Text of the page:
The Sadducees

National Association of Christian Ministers Summary Series: Theology

In the Bible, the Sadducees were another influential religious group during the time of Jesus. Like the Pharisees, they were one of the Jewish sects or parties that existed in the first century AD. However, the Sadducees differed from the Pharisees in terms of their beliefs, practices, and social standing.

The Sadducees were primarily composed of the priestly aristocracy and the wealthy elite. They held significant influence in the religious and political affairs of Judea, particularly within the Temple hierarchy in Jerusalem. The Sadducees accepted only the authority of the written Torah (the first five books of the Hebrew Bible) and did not recognize the oral traditions and additional regulations upheld by the Pharisees.

The Sadducees rejected certain theological beliefs held by other Jewish groups, such as the:

belief in the resurrection of the dead,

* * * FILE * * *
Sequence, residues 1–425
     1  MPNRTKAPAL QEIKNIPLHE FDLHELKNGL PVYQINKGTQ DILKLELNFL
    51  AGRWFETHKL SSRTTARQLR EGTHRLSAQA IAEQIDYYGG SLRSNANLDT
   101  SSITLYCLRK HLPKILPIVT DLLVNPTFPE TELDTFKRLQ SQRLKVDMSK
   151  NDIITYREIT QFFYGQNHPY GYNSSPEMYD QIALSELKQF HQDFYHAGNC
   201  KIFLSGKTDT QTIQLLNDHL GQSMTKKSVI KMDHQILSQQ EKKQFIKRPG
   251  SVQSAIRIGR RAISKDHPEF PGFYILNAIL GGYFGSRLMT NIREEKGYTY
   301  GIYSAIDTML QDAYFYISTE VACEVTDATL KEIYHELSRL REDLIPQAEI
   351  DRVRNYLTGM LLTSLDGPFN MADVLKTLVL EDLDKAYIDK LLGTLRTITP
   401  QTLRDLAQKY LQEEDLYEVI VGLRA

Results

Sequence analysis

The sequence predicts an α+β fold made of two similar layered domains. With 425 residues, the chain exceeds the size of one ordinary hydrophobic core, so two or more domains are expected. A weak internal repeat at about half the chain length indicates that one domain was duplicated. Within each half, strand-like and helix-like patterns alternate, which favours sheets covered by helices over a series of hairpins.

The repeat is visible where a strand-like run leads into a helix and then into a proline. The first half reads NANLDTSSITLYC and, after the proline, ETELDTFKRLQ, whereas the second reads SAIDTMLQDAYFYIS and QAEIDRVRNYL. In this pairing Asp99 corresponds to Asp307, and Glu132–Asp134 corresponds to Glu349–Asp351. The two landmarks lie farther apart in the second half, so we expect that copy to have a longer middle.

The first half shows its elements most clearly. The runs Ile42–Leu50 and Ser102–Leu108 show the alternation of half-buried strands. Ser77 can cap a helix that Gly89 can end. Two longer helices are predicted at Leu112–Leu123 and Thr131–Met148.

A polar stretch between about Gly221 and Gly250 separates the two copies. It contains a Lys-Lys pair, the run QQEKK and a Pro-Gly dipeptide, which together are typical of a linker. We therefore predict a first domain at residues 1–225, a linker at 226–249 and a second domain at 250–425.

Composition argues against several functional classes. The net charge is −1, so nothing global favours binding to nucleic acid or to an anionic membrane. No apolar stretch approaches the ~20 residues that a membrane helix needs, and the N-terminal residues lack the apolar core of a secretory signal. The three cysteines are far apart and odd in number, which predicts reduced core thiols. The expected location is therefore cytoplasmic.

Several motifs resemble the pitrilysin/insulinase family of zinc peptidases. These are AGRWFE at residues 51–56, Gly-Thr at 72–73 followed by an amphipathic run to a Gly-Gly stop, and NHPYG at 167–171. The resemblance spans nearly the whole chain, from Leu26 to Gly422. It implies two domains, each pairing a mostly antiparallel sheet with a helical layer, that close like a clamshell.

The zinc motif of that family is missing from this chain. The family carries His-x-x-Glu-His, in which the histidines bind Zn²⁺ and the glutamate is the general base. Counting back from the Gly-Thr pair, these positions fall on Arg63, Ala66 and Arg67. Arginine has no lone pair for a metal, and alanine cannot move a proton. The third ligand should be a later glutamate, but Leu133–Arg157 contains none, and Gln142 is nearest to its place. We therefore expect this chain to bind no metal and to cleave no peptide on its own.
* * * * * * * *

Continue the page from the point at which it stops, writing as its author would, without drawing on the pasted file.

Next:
the existence of angels, and the

concept of an afterlife.

They focused more on maintaining the Temple rituals and collaborating with the Roman authorities to preserve their own privileged status and stability in society.

In the New Testament, the Sadducees are often portrayed as adversaries of Jesus. They challenged him on matters of theology and sought to discredit him. For instance, they questioned him about the resurrection and posed hypothetical scenarios to challenge his teachings. Like the Pharisees, the depiction of the Sadducees in the New Testament should be understood in the specific context of Jesus’ interactions with certain individuals and groups, rather than as a comprehensive representation of all Sadducees.